The story centers around an old man named Isak Borg, played, in a genius stroke of casting, by aging Swedish film director Victor Sjöström. We will likely come to Sjöström’s directing work at some point on this site, including several influential late-silent movies in Hollywood. You would never know he wasn’t a life-long actor, as he communicates volumes with just the looks on his face. In any case, Isak sets out on a long drive from his home in Stockholm to the university town of Lund in the far south of Sweden, to receive an honorary sort of “extra doctorate” they apparently give (or at least gave) to doctors in Sweden who practice for 50 years. He ends up taking with him his pregnant daughter-in-law Marianne (Bergman regular Ingrid Thulin), who doesn’t much like Isak and, we learn, is planning to separate from his son, Evald (Gunnar Björnstrand). 

Along the way, Isak and Marianne pick up a trio of much younger student hitchhikers, including, the wisecracking, tomboyish Sara (Bibi Andersson, another Bergman regular), and two boys who clearly are both in love with her and barely putting up with each other. Smultronstället is, in basic structure, a road movie, and along the way this group runs into various other characters and adventures. Among these are an unhappy married couple who swerve to avoid Isak’s car coming around a bend and end up with their own car upside-down in a ditch, who clearly remind Isak of his own, long ago unhappy marriage. Max von Sydow, the star of Bergman’s prior film Det Sjunde Inseglet (The Seventh Seal), makes basically a glorified cameo as a gas station attendant who remembers Isak from his younger days. 

Meanwhile, Isak has a series of dreams, nightmares, hallucinations, or any number of other things in which he recalls various incidents from his life and childhood that led him to where he is today, lonely and disliked by pretty much everyone despite his apparent professional success. Interestingly, Andersson plays not only Sara but also the lost love of Isak’s youth, who was also named Sara. The film isn’t being particularly subtle about the parallels here, but its reason for doing so is probably more complicated than it might seem at first. Maybe Sara is the only one who can really forgive Isak for his past actions, but that Sara’s not around, so a new Sara has to appear. Honestly, I confess that Andersson’s performance(s), and the different time periods in question, are such that it took me a long time to realize that it wasn’t just that the characters had the same name, they were played by the same actress. In one she’s basically in a hoop-skirts period piece, in another she’s a full-on mod rebellious teen. But the time span of Isak’s life is such that it makes sense, and somehow that contrast lends extra weight to Isak’s whole thing.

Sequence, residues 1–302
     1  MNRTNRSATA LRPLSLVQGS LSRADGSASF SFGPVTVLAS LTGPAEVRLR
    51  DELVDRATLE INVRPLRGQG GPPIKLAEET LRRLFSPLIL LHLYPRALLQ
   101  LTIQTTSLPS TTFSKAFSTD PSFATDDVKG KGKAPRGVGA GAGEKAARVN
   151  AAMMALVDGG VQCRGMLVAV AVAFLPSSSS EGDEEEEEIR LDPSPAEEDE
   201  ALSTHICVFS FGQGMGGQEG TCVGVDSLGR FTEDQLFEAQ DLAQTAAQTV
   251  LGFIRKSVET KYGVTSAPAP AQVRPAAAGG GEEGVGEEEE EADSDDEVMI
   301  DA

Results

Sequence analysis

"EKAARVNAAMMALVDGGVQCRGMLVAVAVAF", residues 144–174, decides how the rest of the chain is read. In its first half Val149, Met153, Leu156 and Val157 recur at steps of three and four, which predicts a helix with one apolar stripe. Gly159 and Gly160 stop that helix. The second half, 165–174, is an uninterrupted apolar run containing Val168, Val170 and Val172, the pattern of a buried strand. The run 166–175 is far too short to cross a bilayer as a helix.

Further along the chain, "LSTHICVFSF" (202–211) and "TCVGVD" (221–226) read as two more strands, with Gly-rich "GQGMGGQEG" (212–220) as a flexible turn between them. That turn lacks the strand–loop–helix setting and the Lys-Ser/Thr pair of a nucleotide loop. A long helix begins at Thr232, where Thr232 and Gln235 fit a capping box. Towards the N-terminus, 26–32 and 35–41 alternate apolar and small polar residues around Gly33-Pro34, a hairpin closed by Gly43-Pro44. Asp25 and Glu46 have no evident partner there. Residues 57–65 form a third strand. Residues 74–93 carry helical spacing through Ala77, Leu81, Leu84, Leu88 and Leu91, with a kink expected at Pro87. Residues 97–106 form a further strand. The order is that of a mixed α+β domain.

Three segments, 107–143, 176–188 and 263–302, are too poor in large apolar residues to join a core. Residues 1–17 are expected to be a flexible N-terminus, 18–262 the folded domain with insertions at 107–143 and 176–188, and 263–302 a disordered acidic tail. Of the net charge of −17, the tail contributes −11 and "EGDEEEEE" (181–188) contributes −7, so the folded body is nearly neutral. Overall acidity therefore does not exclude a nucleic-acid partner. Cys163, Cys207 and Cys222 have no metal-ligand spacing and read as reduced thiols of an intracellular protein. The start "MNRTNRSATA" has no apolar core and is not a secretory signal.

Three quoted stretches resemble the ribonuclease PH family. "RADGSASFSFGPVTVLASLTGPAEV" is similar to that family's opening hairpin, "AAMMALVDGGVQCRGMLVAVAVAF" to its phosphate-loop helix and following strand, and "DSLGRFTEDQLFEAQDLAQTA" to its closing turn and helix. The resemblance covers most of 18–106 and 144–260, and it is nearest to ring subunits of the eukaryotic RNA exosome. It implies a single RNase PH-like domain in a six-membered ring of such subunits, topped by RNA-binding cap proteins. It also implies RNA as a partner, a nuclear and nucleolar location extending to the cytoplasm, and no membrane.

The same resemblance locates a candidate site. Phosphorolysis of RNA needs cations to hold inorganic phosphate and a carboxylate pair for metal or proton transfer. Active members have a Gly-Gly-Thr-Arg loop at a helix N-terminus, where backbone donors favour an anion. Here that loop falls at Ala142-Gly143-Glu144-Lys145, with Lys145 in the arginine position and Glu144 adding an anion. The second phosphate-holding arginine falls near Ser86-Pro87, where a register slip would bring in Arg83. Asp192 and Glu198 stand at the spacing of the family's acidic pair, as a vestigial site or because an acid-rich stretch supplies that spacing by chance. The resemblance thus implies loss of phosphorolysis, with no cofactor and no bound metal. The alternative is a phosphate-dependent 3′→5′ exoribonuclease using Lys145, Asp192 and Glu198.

Smultronstället came fairly early in Bergman’s career, cementing his international reputation as a follow-up to Det Sjunde Inseglet, his big breakthrough outside his home country. His career ended up being long enough and varied enough that it seems to be sometimes forgotten (several other Bergman films are featured in Roger Ebert’s long “Great Movies” essay series, for example, but not this one). However, few would call it a “lesser” entry in his filmography, and it shows up at least as often as many of his other entries on “greatest films” lists over the years, peaking at tenth, for example, in the ongoing Sight & Sound poll in 1972. Perhaps more relevantly, it is has had so many imitators and influences in the years that in some ways it feels familiar even if you, like me, have never really even come close to seeing it before. I think I would recommend.